Sometimes it’s tough watching TV and Film with its frequent ill informed stereotyping. It’s not often you see Autism depicted as routine ‘normal’ life. It’s the full on Rainman, the brilliant genius or ….

Dad how many people will think I’m a Psychopath or Sociopath when they find out I have Aspergers.

That’s another question I can’t remember seeing in the really helpful ‘A to Z of Parenting Books’.

Those very assumptions have appeared in a few movies and shows we have watched recently. Some quite indirect references and some completely full on. We love Sherlock. In the series it’s made quite clear that Holmes has Aspergers. Further Holmes frequently says ‘I’m not a psychopath I am a highly functioning sociopath”. In another movie the person with Aspergers is a loner, has no empathy and shows no remorse for his actions. Here Aspergers means you are a Psychopath.

The two are not the same.

Our son has developed a good understanding of the important differences between the two diagnoses. He is also aware that unfortunately not everyone understands this equally as well. That’s where inappropriate stereotypes in TV and film can have such a negative impact. Whatever the reason for this. Laziness, widespread misconceptions, Creative Blindspots, or a deliberate attempt to avoid reality. Autism is such a broad spectrum its time this was reflected more accurately in mainstream culture. Yes it could be the brilliant detective, but equally it could be the loving person next door, or someone who is socially awkward, or the loner, or the comic, or the gentle animal lover, or the person who is physically challenging, or the person who focuses on one topic, or the person who has intellectual disabilities or the average person who just blends in.

Just as damaging as the inappropriate stereotyping is the air brushing of reality. Autism is relatively widespread. Yet often it is invisible in modern culture. It’s as if it doesn’t happen. Depending on the research the instance of autistic diagnosis is approximately 1 in every 50 or 60 child. That doesn’t include the majority who go undiagnosed. Yet autism is grossly unrepresented in TV and Movies.

Let’s start properly promoting awareness. Let’s start to be open about it. Let’s start to see it done right more times in TV and Film. That would make such a big impact for so many of us.

68 thoughts on “Spectrum

  1. I really wish being autistic were just one added feature a character had. Like wearing glasses or being a redhead or left handed. An interesting fact about someone that explains why they act in certain ways. Instead of it being the whole premise of the character. A walking stereotype.

    Liked by 2 people

  2. Am not sure if you have seen or not and now that I am thinking about it may not be appropriate for your son but Atypical on Netflix I enjoyed and granted I am not versed in the ins and outs but am wondering if you were to take a look and see if something either would watch? The show is about a teenager who is on the spectrum going to high school and decides he wants a girl friend. The family dynamics are interesting. If this is not something that would be good ignore my suggestion. The character seems to me to be genuine. This is a link where Kier Gilchrist (A British Canadian or Canadian British lol he has best of both worlds) discussing how he prepared for role. This may be jumping point to checking out show. I wanted to find something that explained how he prepared for the role of Sam. If I am totally off my rocker or too much tell me to cease and desist. The link is:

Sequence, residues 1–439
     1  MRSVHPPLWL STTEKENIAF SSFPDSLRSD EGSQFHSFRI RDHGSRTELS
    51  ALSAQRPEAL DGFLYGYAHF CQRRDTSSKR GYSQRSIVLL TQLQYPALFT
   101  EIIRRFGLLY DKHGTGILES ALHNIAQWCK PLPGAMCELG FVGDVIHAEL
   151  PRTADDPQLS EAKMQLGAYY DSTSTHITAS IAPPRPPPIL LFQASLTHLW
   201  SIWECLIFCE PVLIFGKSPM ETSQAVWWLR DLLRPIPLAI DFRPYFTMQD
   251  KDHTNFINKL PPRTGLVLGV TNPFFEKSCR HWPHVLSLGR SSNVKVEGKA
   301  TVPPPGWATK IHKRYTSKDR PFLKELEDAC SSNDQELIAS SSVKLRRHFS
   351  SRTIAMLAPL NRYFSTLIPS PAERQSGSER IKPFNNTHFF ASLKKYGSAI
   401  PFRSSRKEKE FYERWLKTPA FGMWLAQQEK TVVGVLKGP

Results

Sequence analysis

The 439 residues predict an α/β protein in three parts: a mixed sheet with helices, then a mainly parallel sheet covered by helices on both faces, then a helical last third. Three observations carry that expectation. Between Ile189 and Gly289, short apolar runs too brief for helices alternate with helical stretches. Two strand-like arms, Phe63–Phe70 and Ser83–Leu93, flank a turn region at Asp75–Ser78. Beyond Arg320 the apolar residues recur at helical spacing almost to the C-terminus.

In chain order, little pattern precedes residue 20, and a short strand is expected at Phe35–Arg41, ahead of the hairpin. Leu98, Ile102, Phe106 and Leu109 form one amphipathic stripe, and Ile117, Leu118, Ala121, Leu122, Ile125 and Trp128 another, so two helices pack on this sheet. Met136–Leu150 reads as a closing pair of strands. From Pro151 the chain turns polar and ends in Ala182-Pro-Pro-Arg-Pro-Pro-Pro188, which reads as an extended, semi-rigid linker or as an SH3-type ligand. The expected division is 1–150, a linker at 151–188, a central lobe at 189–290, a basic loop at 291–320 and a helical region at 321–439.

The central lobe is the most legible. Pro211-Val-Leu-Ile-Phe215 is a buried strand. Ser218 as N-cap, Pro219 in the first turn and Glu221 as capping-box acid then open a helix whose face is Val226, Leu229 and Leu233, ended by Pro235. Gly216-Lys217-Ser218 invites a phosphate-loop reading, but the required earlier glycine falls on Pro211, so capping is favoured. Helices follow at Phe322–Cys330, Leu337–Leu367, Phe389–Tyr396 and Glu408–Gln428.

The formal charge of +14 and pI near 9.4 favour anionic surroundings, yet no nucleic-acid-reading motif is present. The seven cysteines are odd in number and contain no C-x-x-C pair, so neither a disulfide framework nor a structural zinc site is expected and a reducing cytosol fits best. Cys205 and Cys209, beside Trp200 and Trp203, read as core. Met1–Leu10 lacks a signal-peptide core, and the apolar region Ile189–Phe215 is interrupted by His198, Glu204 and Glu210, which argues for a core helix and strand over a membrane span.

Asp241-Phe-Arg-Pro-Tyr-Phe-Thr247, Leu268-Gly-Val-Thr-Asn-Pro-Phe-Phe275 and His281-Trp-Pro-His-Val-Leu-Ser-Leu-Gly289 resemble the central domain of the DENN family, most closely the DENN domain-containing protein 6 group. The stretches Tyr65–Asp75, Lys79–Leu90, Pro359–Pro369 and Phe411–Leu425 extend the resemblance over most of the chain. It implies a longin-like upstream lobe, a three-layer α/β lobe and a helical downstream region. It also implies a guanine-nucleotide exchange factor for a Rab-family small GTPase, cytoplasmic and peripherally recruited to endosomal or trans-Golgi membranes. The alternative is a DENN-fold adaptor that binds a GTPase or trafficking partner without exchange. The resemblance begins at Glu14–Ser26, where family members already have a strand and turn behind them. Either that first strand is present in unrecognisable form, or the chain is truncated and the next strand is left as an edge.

Liked by 4 people

  3. The worst part in the US right now is blaming mass shooting on people with mental illnesses WITHOUT EXPLAINING WHAT THEY MEAN! If you are not normal you’re a mass killer!
    We know nothing is further from the truth, but yet people put it out there and nobody challenges it. Mental illness = crazed criminal.
    Way back in the 50s my little brother had Down Syndrome, and evetybody in the area called him a nut, adults included. Eventually he was put in an institution, where he was sexually assaulted by other boys and probably some teachers/keepers. Thankfully he died fairly young. His life was a tragedy.
    We are supposed to be more advanced now. But are we? Your son is not a monster. Don’t let anyone make him into one. That’s what they did to my brother.

    Liked by 5 people

  4. We’re approaching 2020 and autism is still misrepresented. Unfortunately, a lot of people take their knowledge from movies, TV and other media. People know the word “Autism” but they still give a blank stare when you try to explain.

    Sometimes I wonder if it’s not actually harder for kids like your son than for kids like Ben. The expectations to “just be normal” are so much higher but the sensory issues and other difficulties are the same.

    Liked by 3 people

  5. Pretty sure that is exactly what is going on with your blog!